She’s part of the family flock and spends much time out, but likes her cage which is her home and place of safety, and with the door open will often choose to stay in it. But then, she is not a poet…

          1. Again, I am in agreement with Carol! :) And, Basho’s “summer rains” is a perfect choice!:)

  3. just as the moon reaches
    its frost phase

    Laurie Greer

    drifting through
    this one-horse town
    ocean scent

  4. just as the moon reaches
    its frost phase

    Laurie Greer

    border on foot
    touch of eau de parfum
    for random silence

  5. RICHARD STRAW:
    come off your honkadori and answer marshall’s request with an okey-doughey!

      1. thanks pamela….but i can only take credit for their combined application/usage….all these words preexisted me! LOL!

        honkadori’s been ’round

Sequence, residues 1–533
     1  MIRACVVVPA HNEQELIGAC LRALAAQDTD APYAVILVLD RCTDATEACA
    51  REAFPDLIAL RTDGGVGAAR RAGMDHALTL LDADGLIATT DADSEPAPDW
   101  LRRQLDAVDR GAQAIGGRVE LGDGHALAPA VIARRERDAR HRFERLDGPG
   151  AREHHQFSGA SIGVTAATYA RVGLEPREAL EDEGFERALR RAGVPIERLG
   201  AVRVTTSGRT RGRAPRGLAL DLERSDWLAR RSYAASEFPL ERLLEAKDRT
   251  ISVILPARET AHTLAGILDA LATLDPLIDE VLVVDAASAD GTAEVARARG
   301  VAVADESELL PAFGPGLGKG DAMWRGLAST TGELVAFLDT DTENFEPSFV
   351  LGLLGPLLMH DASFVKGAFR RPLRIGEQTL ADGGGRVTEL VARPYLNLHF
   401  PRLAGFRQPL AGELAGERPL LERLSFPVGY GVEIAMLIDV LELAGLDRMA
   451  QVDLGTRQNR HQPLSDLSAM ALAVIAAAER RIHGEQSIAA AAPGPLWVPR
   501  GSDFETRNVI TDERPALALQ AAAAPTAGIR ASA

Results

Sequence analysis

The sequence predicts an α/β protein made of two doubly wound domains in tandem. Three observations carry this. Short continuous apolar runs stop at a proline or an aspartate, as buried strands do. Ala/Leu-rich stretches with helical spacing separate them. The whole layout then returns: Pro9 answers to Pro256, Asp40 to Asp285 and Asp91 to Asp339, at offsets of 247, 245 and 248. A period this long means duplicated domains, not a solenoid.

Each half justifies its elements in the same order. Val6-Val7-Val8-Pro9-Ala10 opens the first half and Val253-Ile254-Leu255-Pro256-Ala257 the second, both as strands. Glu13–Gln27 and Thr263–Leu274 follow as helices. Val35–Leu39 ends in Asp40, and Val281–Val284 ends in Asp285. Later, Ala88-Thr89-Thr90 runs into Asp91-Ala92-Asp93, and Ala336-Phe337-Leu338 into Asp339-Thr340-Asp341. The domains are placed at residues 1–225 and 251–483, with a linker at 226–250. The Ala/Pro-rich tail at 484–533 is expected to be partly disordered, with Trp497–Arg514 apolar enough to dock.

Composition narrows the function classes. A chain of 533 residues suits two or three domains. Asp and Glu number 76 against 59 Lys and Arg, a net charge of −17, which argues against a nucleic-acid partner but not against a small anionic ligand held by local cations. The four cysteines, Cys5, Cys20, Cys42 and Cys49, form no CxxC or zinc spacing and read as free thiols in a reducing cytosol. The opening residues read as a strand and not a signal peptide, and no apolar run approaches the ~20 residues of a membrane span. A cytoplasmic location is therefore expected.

since the 12th century
        during the Kamakura period

    1. entering
      Taumatawhakatangihangakoauauotamateaturipukakapikimaungahoronukupokaiwhenuakitanatahu
      in GPS

      (Inspired by Dan)

      1. Thanks for expanding my geographic knowledge amiga! I had to google this one and hope I can stand atop this hill in beautiful New Zealand one day.

  6. Congratulations Laurie, on all your wonderful verses!

    brushing the
    stars from
    her hair.

    spelling out
    Ana Maria Gonzales Fernandez de Valencia
    with sparklers

    1. Riotously funny poem, Dan, but we can’t use it because it would be such an obvious back-link to the Oaxaca mole recipe verse. But keep’em coming
      Marshall

      1. A large touch of humor with your second verse, Dan. Love it :)
        One to keep in your pocket for another session (which I hope will not be too far away)

        The weeks have gone by so very fast and this Renku session has helped with the stress of it all. A place to come and chill-out.